The home is basically designed to be warm in the winter and cool in the
summer. There is plenty of solar energy. The problem is how to store it
and optimally use it for self sufficiency.
Nature gives us three methods of heating: convective, conductive and
radiant; radiant is by far the most pleasant and desirable. Using these three
methods, the home is designed so that each room is almost a zone to itself. The
numbers before each point correspond to the illustration above.
The plot to the right characterizes the energy from the sun
as a function of the frequency of the electromagnetic waves. The direct sun
provides about 1 1/2 kilowatts of power per square meter. The southern high
living-room windows are positioned to let in the winter sun. The glass lets in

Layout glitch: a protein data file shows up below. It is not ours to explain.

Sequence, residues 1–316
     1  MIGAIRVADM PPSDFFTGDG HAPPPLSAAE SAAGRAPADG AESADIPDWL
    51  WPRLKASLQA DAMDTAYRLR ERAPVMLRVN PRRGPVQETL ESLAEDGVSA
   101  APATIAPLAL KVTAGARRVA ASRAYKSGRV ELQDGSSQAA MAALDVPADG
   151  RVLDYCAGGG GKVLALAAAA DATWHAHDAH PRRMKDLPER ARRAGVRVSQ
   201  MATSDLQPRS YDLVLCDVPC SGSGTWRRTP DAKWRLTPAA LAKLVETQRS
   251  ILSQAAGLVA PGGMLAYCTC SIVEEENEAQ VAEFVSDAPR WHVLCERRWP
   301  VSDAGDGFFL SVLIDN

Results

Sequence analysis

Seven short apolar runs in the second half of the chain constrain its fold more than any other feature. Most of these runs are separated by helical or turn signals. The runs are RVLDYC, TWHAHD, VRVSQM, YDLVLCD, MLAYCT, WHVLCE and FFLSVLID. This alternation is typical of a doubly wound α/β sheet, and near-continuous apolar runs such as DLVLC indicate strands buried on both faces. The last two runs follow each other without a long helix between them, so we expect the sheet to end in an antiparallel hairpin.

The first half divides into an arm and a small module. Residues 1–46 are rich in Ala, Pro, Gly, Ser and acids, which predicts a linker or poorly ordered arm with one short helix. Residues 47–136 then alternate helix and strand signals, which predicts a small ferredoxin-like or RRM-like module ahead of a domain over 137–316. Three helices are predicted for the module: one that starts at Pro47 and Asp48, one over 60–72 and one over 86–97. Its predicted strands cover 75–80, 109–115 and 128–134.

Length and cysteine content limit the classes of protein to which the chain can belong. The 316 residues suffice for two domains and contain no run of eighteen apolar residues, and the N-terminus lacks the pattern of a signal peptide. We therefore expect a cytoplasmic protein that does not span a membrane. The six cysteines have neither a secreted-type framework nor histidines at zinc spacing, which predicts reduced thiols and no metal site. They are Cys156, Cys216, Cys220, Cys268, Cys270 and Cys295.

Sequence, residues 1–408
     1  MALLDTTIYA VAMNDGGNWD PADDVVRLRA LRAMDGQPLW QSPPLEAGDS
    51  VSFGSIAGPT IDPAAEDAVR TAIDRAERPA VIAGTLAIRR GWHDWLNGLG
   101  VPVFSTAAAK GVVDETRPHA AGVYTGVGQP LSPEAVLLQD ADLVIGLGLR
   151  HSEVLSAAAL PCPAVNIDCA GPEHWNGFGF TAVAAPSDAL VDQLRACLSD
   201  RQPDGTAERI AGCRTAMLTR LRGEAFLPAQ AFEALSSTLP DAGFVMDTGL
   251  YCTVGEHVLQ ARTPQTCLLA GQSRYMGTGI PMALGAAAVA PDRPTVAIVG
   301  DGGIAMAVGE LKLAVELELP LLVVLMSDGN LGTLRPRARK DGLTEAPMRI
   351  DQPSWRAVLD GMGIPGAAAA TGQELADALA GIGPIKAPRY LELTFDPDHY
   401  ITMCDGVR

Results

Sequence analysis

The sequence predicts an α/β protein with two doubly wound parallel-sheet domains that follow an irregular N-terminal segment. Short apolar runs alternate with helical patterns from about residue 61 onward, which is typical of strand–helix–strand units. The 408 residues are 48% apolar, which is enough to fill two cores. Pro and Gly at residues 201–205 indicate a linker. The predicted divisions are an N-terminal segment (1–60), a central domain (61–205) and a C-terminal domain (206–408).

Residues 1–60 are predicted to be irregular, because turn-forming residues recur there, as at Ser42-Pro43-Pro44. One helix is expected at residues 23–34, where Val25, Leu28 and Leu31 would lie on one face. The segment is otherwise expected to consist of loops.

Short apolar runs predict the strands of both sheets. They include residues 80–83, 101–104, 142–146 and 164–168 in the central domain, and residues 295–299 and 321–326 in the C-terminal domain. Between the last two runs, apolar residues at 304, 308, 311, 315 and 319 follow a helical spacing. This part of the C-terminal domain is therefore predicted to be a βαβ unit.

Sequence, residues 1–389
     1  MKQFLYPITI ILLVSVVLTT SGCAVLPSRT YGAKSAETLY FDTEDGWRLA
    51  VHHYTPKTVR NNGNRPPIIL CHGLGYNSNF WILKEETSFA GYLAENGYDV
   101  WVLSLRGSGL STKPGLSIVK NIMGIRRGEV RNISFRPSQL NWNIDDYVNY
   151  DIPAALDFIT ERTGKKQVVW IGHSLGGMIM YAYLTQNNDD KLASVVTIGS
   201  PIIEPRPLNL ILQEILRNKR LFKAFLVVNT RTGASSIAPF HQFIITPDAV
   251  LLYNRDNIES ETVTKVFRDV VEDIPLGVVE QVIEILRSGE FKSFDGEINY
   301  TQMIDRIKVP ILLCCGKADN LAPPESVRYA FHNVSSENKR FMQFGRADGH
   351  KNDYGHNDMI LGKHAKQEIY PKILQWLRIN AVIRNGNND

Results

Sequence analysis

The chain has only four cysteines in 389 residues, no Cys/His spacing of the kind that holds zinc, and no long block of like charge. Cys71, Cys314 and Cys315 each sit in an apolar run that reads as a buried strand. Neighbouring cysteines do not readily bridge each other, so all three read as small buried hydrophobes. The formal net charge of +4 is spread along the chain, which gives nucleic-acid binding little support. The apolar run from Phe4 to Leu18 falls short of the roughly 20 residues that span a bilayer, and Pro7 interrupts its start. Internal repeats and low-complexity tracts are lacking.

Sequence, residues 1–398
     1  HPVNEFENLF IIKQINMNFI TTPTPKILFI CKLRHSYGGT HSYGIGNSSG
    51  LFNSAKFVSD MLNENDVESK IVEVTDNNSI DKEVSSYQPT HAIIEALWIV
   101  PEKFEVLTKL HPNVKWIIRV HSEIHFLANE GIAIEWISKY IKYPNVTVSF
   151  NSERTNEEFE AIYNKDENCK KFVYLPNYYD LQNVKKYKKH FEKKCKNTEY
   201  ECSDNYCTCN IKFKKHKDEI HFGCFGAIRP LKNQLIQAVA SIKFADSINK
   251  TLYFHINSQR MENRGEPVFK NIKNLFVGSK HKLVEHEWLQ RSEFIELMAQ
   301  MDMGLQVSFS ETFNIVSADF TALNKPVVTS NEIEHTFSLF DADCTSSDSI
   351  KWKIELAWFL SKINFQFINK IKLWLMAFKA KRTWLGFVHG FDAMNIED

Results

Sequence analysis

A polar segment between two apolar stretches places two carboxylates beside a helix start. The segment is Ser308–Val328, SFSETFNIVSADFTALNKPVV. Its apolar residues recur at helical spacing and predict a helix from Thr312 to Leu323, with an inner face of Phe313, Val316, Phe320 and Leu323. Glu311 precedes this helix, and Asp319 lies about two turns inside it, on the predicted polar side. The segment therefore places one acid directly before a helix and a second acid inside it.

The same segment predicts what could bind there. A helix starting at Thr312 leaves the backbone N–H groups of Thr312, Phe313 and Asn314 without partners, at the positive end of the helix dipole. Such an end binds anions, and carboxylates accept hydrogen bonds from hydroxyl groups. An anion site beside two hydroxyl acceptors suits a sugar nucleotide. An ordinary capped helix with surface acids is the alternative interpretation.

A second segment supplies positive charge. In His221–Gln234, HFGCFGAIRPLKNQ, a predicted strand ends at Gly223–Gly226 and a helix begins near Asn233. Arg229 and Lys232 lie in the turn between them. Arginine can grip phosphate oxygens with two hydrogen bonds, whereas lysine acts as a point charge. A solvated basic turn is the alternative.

the optical band of frequencies, which are readily absorbed by the dark brick
on the south facing side of the trombe wall. The wall -- being at room
temperature -- radiates in the infrared region of the frequency spectrum --
keeping the home warm at night, since it radiates from the center of the home.
This infrared heat is like the warm glow from a bed of coals in a camp fire.
Since the infrared frequencies are reflected by the glass, they are trapped in
the house -- being absorbed readily by the human body.
The roof extends out to the south above these special windows providing
complete shading in the summer, and so that the sun rays start heating the
trombe wall about the first of October and turn off about the end of March.
[click here for more information on Trombe
Partially cantilevered out to the south of the living room
is a solarium. In the winter this room will often exceed 90o F.